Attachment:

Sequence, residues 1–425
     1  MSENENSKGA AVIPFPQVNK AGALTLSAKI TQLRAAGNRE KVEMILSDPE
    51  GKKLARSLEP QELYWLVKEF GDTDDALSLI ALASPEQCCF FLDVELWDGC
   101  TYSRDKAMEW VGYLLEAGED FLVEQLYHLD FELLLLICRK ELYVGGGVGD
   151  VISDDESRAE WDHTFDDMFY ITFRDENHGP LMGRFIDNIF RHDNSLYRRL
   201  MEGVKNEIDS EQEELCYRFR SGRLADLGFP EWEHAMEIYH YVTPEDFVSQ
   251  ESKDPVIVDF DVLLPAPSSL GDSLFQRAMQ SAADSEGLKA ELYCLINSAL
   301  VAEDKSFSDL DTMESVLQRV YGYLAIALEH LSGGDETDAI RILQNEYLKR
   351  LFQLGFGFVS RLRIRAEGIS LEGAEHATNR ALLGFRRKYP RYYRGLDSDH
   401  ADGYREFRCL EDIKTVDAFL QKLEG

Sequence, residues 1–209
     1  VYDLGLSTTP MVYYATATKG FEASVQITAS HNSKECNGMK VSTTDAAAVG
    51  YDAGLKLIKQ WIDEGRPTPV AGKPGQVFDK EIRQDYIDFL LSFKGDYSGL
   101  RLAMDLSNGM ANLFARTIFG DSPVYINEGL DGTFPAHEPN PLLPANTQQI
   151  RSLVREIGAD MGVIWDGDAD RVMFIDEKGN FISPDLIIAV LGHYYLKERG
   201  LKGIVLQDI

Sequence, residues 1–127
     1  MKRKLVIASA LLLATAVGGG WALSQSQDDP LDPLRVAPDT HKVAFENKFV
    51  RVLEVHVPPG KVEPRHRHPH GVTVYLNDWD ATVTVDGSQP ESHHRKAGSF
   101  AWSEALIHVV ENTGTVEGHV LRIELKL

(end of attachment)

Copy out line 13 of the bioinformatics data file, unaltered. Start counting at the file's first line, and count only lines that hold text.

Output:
    51  YDAGLKLIKQ WIDEGRPTPV AGKPGQVFDK EIRQDYIDFL LSFKGDYSGL